Jack's game was more straightforward.  

We enjoyed it before, during and after the fair.

We had a lot of fun with Nina's too!

Besides the tri-fold board and games, the kids' display included a few of the books we'd used as resources and models made by Luke and Jack to help explain what happened at North Bridge at the start of the Revolution.

Nina made a small booklet about spies and laid out some photos of our Concord and Lexington family field trip

Luke had wanted to make flapjacks, but I was out of corn flour.  Nina then recalled that the Colonial people enjoyed popcorn, so she and Jack popped some up to share.  That popcorn was such a hit that only a few kernels remained minutes into the fair.

Two things that did not disappear the entire night were proud smiles and loads of sharing.

By the time the children dashed up for their participation certificates, they had learned a bit about the Bermuda Triangle, the Bridgewater Triangle, the Lost City of Atlantis, Area 51, Roswell, Big Foot, the Loch Ness Monster, Mysteries of the Mona Lisa, Stonehenge, Lizzie Borden, the Mary Celeste and more.

Meanwhile, I was again impressed by how children from preschool age to high school age created and shared such a wide variety of unique projects and, then, interacted with one another with enthusiasm and respect.  Homeschool fairs bring so much fruit!

Want to host your own fair?

Feel free to use the 8 Easy Steps I shared at Upside Down Homeschooling in late October.

We have a Cultures Past and Present Fair and an Art Fair coming up later this year.  We've done an Endangered Species one, a History one, a Nature Explorers one and a Geography one.  What fairs have your enjoyed?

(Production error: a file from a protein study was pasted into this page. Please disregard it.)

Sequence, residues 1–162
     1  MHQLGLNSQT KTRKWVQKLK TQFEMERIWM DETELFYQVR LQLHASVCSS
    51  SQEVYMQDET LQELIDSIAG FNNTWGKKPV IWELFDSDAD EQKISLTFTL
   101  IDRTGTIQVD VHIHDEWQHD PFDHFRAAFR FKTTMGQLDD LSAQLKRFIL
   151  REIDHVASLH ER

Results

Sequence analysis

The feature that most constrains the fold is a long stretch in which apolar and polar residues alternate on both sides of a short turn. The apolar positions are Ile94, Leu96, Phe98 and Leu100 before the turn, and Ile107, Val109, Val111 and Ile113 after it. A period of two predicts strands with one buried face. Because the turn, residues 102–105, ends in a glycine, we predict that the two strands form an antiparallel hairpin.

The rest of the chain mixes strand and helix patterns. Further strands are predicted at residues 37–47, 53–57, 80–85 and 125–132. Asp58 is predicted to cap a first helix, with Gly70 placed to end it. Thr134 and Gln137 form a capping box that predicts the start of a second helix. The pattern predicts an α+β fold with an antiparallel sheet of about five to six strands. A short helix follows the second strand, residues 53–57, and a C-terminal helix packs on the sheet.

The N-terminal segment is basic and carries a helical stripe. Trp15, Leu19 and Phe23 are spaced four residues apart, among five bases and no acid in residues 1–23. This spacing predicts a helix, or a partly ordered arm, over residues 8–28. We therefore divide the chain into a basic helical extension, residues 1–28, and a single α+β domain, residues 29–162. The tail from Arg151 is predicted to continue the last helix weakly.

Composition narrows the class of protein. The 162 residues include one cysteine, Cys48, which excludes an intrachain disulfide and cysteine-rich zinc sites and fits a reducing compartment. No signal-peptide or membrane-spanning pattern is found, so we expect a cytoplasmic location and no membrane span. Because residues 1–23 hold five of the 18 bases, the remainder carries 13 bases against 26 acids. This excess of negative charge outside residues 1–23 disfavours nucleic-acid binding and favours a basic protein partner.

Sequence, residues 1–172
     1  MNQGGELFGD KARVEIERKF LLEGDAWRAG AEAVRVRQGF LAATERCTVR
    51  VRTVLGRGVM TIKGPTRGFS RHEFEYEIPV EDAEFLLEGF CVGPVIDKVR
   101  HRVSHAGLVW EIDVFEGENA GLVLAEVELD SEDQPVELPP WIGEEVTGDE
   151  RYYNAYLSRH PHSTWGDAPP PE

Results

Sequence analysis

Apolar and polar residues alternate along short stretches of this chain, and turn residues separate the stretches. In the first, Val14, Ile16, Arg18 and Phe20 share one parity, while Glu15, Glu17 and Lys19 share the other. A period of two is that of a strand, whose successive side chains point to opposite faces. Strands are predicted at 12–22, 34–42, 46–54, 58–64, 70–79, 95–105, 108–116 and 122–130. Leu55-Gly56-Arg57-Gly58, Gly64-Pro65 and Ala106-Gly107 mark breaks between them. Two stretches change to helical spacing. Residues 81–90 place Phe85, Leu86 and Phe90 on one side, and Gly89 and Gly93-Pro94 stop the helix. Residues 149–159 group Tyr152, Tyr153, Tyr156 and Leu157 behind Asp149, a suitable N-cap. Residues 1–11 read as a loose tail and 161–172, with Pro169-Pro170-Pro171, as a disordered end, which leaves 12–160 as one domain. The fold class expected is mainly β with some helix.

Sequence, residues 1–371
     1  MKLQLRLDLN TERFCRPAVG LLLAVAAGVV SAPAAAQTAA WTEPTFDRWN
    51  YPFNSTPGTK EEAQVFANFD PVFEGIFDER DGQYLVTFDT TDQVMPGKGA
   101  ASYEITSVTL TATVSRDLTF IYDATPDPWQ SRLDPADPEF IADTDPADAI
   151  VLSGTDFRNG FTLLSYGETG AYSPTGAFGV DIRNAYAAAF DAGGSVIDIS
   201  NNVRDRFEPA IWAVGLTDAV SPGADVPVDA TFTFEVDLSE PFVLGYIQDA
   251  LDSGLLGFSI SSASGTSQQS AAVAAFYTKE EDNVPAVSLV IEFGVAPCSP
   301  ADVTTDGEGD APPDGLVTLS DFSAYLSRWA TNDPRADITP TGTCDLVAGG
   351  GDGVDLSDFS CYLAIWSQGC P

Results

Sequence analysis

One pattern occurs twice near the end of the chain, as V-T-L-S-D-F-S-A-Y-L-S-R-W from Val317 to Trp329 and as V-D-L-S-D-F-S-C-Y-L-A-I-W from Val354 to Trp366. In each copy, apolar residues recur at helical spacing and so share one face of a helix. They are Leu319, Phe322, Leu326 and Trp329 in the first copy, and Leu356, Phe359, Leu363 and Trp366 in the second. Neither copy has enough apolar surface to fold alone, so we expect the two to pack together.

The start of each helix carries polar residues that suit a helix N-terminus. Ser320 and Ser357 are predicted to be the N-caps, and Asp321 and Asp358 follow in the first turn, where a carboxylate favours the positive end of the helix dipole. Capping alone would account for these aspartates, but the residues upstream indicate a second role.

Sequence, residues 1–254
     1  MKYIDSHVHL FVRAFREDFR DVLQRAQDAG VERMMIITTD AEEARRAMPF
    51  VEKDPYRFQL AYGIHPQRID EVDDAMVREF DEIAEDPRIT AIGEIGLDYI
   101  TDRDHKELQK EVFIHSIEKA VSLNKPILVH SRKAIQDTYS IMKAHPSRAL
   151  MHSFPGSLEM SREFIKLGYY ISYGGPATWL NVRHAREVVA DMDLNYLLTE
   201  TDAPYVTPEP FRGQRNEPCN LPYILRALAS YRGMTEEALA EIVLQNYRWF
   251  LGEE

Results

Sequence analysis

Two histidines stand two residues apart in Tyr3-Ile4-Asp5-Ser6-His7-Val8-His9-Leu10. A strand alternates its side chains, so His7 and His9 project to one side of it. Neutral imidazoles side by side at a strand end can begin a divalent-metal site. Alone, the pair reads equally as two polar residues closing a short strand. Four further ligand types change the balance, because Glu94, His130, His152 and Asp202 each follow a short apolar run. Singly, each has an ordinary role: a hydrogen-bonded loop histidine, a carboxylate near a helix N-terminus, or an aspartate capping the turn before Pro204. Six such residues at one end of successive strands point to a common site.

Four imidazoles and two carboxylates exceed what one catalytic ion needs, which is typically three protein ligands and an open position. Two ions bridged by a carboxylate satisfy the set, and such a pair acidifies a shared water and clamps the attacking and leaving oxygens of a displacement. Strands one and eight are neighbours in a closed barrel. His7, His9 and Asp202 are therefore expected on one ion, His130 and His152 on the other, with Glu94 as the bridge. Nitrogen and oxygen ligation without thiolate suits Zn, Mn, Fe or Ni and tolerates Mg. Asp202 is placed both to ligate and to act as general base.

Sunday, November 16, 2014

When Siblings Serve at Mass...

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The other day, I went to clean our Dry Erase Peel & Stick Whiteboard Dry-Erase Board and found this:

I smiled, guessing it had been Nina who had sketched the simple drawing of the Mass, and went to find her to ask if it was okay if I erased it.  

When I found her, she was fetching water and crackers for Jack, who was doing this:

Jack was setting up an altar with our miniature Mass kit from Our Father's House and a bowl he had purchased at a neighbor's yard sale this summer.  He, then, proceeded to alternate between playing altar boy and priest.

Meanwhile, Nina alternated between chatting with me and playing choir member/parishioner.  She told me that she loves serving at Mass by singing at Mass and wants to continue to serve our church "in any way possible" as she grows.

I have no doubt -- and every prayer -- that Ninaa will.

In fact, I pray that each of my children will joyfully serve our local parish community in their own ways right through adulthood and, that, our entire family will grow in service to the larger Church as well.

Already, I see those prayers being answered. Undoubtedly, each time Luke serves on the altar and Nina in the choir, the desire to serve in a specific way grows in Jack's heart, too.

We are learning here that when siblings serve at Mass, blessings unfold.

As a side note, I'd like to add that we love, love, love our miniature Mass Kit!  It was a purchase we had to save for and I am glad that we did.  It' beautiful and our children use it regularly.

Since we bought our realistic looking kit, however, another Mass Kit for children has come onto the market.  It is a soft version that I think would be wonderful for small children to use at home or as a quiet bag at Mass.

May your family be blessed as each person within it answers specific calls to service.  Let's pray for one another to hear and heed calls to use our personal gifts and desires to serve the Church.

If you leave a link to a faith formation idea or a reflection relevant to raising young children in the faith in a comment here or on our Training Happy Hearts Facebook page, I will pin it on the Training Happy Hearts: A Call to Faith Formation in Young Children Pinterest board

2014 Catholic Bloggers Link-Up Blitz

Friday, November 14, 2014